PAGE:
Wouldn't it be nice if, just occasionally, teachers tried to be positive. Rather than pushing back at every change, perhaps a comment about how to make a proposed change more effective or more efficient. Add something to the debate rather than just criticism. It's clear that no government of any persuasion will have enough money to do everything ... so let's start adding to the debate rather than just being predictably negative.
  • Peter | 15 Aug 2015, 11:08 AM Agree 0
    Phonics is actually decoding/encoding not reading, which is the word that describes meaning making in a global, holistic sense.
  • Steve | 15 Aug 2015, 04:14 PM Agree 0
    Mr Pyne, perhaps being schooled in a private Catholic school you did not have the same "experience" as I did attending a State School, but you did attend at around the same time as I did (being only 1 year younger than I am). So you may simply be unaware of the contents of state school curriculums from your childhood years - not that I'm offering an excuse for lack of historical investigation on behalf of your office staff. But I distinctly remember from my Year 5 class of 1971 that we studied a subject named "Social Studies", which, oddly enough, seems to cover exactly the same topics and material as the "new" proposed Humanities and Social Science subject. I also can't help but notice how many teachers and parents are responding to your additionally proposed "forced Phonics learning" agenda by informing you that this style of Reading education is already being conducted in classrooms across Australia. I am not a lawyer or a minister with a number of public servants to provide me with the "depth of understanding" you could bring to your Education portfolio. I am simply a parent with a vested interest in the future of my child. But could you please explain to your constituents and the parents of this wonderful country how these "sweeping changes" in which you appear to be advocating a return to a 1970's State Education curriculum, and mandating that Teachers utilise education techniques which they already employ is supposed to reverse the downward trend of education standards in Australia compared to the rest of the developed world? Perhaps you should consider something "revolutionary", and actually let educators perform the roles that they have actually been trained to do as Teachers? Perhaps, instead of trying to tell Teachers how to educate students when you yourself have not been trained as an educator, you should perform your role as a public servant and serve those who have placed their faith in you by listening to the Educators embedded in and struggling with the system to see what they need to improve that system from the inside, not from the outside. Perhaps, as Minister for Education and Training, you should focus on the training that educators receive, and start by ensuring they have the knowledge and tools they need to perform their roles as best they can, and then ensure they have the environment and support they need to actually exercise their skills in the execution of the jobs they have been trained to perform. Or would listening to the professionals with the knowledge, understanding how you can help those people to perform better, then acting to provide the support they need simply too "revolutionary" an idea for your office to take on board?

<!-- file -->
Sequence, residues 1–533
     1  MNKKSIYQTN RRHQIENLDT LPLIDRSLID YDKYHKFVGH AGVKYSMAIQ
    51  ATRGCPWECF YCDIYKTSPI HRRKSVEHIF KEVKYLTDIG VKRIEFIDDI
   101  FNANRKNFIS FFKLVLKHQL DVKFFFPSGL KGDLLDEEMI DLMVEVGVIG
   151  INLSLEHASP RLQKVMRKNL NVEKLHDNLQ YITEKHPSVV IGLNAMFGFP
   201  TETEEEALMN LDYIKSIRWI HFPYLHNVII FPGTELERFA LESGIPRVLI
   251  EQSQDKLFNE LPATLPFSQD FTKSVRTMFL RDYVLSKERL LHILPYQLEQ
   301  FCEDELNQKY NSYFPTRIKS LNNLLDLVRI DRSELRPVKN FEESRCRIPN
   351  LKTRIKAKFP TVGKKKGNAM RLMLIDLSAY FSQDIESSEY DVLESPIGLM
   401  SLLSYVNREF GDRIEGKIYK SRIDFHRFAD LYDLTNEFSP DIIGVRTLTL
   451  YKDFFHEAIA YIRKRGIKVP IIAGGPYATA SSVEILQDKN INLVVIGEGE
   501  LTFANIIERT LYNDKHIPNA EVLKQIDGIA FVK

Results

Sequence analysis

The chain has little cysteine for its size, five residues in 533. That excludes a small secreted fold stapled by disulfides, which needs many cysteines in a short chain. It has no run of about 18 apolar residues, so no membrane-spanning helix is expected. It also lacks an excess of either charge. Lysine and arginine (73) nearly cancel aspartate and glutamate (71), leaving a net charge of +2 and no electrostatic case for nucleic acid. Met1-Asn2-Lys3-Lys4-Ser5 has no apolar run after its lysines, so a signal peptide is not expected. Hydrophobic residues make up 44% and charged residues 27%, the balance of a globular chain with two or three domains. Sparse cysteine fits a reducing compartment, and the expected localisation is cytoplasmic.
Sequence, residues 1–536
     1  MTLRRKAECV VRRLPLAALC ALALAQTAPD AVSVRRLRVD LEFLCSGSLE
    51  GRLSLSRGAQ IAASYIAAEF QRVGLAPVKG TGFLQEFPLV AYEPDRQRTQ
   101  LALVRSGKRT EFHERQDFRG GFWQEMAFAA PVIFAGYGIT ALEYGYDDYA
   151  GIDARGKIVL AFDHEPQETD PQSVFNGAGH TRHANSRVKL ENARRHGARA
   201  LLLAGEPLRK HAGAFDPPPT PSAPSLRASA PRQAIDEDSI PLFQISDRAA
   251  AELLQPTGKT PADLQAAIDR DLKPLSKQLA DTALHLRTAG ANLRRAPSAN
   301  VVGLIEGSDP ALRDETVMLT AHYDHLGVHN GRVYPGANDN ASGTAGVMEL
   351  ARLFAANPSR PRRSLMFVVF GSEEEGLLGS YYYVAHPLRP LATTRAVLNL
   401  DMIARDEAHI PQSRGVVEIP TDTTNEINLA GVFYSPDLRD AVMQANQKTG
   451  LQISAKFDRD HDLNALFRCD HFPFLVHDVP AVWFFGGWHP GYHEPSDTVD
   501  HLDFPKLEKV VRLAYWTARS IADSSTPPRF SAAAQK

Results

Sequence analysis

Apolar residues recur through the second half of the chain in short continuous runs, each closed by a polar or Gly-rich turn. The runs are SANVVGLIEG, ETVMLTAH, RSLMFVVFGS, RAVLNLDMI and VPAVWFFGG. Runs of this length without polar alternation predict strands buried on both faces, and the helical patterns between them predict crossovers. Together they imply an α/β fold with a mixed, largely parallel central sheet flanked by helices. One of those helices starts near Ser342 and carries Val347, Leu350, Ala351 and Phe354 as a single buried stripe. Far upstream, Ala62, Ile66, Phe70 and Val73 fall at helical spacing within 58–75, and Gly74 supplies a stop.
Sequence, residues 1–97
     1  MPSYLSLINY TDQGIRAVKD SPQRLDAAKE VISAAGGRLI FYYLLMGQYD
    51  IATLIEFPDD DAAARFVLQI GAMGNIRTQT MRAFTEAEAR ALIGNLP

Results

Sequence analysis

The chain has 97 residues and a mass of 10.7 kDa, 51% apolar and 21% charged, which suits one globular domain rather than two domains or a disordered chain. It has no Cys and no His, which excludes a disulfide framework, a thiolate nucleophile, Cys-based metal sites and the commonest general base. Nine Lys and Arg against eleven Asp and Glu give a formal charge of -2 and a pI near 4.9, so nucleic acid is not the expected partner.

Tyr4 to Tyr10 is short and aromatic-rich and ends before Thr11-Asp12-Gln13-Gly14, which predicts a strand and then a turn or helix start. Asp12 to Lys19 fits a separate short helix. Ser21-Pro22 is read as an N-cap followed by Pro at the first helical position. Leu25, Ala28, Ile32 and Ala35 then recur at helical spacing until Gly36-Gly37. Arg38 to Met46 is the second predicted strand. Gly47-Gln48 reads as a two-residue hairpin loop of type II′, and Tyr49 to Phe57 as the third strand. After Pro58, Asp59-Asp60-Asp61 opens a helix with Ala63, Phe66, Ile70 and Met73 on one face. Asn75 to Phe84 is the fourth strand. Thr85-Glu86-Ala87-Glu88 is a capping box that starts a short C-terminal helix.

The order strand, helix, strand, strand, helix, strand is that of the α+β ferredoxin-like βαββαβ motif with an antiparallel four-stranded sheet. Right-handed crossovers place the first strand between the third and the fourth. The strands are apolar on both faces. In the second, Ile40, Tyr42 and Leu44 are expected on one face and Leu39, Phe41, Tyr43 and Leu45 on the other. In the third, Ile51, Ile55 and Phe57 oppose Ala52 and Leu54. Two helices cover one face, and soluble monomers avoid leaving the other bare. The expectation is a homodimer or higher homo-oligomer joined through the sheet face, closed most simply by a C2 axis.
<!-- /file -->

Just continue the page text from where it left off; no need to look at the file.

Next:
• Anna | 16 Aug 2015, 10:37 PM Agree 0
    We need to teach Phonics? I've been teaching that very successful approach most of my 41 years teaching career. There have been many other 'experiments' suggested over the years, but we have always come back. Say no more!
  • Daffydd W-E | 17 Aug 2015, 03:26 PM Agree 0
    RIGHT: So here's the question:

    IF WE ARE GOING BACK TO WHAT WE DID 40 YEARS AGO -------- WHY THE HELL DID WE CHANGE WHAT WE WERE DOING BACK THEN????????????????????????????????????????????????????
    IF IT WORKS THAT WELL, WHO IS THE CONFOUNDED IDIOT/S THAT PROPOSED THE CHANGE AT THAT TIME?
    HAS EDUCATION FALLEN INTO THE ADVERTISERS "NEW/IMPROVED" 'FORMULA'?
    OR IS IT THAT OLD CHESTNUT ABOUT, "IF IT AIN'T BROKE, BREAK IT!"??????
    MAYBE SOME ONE WITH HALF A BRAIN (OR MAYBE EVEN A SHADE LESS) COULD ASK SOME OF THE INCREDIBLY OBVIOUS QUESTIONS.... LIKE, "HOW COME NOEN OF THE CHANGES HAVE PRODUCED THE OUTCOMES THAT WERE SOUGHT?

    WHY AM I WRITING THIS IN CAPITALS ---- BECAUSE I'M BLEEDI SHOUTING AT MY COMPUTER.... THAT'S WHY!!!!!!!!!!!!!!!!!!!
  • Liz | 18 Aug 2015, 12:35 PM Agree 0
    Having treated teaching as a way of life over a long career, I am so disillusioned with that state of management in education. Research may show that Asian students have higher academic achievements, but it also shows that outside of academics, there is not a lot of choice for achievement. The stripping of autonomy and the creative nature of teaching, has disintegrated my pedagogy, and I now see it as 'just a job'. Ignorant statements by those far beyond the classroom, unfortunately impact on classrooms, and the capacity for 'leaders' to be respected or even taken seriously, is epidemic.
  • KComino | 17 Sep 2016, 08:04 PM Agree 0
    Oh for goodness sakes. The university course for every primary school teacher in Australia trains teachers to teach phonemic awareness and phonics. It's teachers' bread and butter. The continuum of teaching reading in NSW and the National Curriculum explicitly sets out the teaching of phonemic awareness and phonics. My problem is how did the then Minister, Mr Pyne not know this. He needed to study his portfolio instead of trusting to crib notes.I hope he hasn't carried this practice into his new responsibilities in this government. Learn to read Mr Pyne - time for you to go back to basics.